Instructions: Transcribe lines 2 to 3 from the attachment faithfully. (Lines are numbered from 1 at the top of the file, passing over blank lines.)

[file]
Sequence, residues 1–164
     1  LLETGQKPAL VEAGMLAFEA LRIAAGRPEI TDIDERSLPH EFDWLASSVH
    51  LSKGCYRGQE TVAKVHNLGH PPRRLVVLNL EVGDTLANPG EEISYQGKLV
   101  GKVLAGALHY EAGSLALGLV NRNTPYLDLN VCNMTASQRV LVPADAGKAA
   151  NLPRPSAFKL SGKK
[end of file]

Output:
     1  LLETGQKPAL VEAGMLAFEA LRIAAGRPEI TDIDERSLPH EFDWLASSVH
    51  LSKGCYRGQE TVAKVHNLGH PPRRLVVLNL EVGDTLANPG EEISYQGKLV